All the posts I mentioned at the York Festival of Writing 2014

... and some others which might be useful. As always, Writers' Workshop's Festival of Writing at York was a brilliant, bewildering long weekend, stuffed with workshops, talks, keynote speeches, book signings, and oceans of talking and drinking and eating and writing. As well as the mini-course on Self-Editing Your Novel that Debi Alper and I gave on Friday afternoon, I taught workshops on prose - Plain & Perfect, Rich & Rare - and on The Heart of Storytelling: three- and five-act structure. I sat on an industry panel about Historical Fiction, and I did lots of one-to-one Book Doctor sessions,... Read more →


Historical Novel? Biography? When is your life writing actually historical fiction?

I'm delighted to have been commissioned by Hodder to write Getting Started in Historical Fiction, for John Murray Learning's classic Teach Yourself list. It will be published towards the end of 2015, and starting it prompted my post So What Counts as Historical Fiction?. But there's another question I'll need to explore. Fiction is often a way of exploring real worlds and lives, but what makes a narrative about a real historical character a novel, and not a biography? A biography or autobiography is a whole life narrated with the techniques and boundaries of the historian: provable facts assembled; the... Read more →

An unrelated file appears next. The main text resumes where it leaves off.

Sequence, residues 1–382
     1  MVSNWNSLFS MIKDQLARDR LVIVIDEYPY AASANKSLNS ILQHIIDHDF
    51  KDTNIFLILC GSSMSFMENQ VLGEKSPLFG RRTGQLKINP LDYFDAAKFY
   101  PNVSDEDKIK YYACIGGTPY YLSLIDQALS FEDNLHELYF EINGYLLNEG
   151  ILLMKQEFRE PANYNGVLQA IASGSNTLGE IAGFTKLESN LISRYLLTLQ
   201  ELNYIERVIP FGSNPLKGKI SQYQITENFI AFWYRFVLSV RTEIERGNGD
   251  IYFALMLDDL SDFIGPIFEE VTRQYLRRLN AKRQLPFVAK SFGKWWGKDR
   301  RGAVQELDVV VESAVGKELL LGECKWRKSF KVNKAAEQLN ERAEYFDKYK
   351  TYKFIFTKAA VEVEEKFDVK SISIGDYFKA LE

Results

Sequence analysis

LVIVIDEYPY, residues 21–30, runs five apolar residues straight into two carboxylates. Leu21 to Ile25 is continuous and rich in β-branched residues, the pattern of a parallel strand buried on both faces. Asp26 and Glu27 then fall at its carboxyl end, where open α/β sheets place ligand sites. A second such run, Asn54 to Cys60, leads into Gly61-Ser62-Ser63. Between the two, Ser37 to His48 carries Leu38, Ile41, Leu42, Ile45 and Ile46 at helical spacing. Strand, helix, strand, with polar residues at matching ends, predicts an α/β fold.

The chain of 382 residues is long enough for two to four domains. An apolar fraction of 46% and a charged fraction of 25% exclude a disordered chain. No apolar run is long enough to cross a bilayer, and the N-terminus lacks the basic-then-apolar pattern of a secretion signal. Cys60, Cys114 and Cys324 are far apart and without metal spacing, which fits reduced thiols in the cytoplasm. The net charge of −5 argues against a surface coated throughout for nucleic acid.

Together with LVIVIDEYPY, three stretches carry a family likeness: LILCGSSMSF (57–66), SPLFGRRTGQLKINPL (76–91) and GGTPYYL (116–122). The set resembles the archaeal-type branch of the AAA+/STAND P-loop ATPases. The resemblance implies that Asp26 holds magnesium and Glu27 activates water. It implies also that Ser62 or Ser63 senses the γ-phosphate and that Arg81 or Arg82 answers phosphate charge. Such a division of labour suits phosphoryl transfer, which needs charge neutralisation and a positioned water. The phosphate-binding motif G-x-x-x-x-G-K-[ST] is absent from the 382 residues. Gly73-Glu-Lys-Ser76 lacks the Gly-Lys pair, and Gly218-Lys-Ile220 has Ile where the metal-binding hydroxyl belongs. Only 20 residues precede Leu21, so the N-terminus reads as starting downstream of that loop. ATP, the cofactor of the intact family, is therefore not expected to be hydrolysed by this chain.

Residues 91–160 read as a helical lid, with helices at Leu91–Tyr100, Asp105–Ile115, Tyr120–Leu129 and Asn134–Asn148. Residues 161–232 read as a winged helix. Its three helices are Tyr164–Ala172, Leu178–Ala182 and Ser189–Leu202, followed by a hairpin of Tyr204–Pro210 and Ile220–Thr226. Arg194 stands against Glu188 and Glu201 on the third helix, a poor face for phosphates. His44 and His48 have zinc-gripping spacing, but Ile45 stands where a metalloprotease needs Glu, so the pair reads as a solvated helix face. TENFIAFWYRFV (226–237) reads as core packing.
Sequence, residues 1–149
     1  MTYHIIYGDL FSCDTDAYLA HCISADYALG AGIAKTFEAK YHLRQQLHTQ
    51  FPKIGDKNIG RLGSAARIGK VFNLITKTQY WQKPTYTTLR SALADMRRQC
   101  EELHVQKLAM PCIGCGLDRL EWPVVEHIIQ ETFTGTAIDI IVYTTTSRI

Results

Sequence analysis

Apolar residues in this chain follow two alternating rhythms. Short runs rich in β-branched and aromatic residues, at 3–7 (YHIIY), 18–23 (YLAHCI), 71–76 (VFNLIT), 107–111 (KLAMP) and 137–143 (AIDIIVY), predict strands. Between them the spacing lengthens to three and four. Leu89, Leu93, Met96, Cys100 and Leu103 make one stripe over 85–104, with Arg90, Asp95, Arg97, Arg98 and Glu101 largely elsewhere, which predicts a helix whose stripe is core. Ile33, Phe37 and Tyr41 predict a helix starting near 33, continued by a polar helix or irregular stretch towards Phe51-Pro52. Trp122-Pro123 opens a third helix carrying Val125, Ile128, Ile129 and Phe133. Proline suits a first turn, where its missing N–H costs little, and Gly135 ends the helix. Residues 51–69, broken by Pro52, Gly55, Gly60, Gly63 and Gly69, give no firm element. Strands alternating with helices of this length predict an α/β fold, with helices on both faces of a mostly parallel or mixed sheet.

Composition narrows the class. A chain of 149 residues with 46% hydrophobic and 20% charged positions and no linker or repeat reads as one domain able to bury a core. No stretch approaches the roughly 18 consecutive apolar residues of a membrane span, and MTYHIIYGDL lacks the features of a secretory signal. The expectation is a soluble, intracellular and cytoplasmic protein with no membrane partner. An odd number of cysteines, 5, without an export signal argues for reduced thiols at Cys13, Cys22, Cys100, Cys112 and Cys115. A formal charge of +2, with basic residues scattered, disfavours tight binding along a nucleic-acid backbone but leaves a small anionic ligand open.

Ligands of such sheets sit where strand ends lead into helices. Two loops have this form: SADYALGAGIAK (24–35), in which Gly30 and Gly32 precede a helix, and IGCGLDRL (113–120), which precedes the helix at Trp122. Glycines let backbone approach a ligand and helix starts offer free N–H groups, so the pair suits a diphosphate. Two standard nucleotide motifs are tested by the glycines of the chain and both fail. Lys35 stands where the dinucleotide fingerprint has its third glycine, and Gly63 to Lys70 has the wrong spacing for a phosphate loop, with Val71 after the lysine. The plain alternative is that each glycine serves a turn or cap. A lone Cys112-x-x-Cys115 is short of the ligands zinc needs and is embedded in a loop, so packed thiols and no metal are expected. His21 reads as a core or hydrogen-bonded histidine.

When do you stop world-building?

Have you noticed how often fantasy and science fiction - speculative fiction - comes in fat trilogies? And how historical fiction is a bit that way inclined as well? That's partly because of the need for what spec fickers (rightly) call "world-building" and hist fickers (less wisely) call "the researched stuff". That's not just about the politics or logistics of two kingdoms being at war, or their technology, food or writing systems; it's also about the manners and mores of the inhabitants, the traditions, the religions, what the radicals are trying to make happen, gender relationships, psychotropic substances, and so... Read more →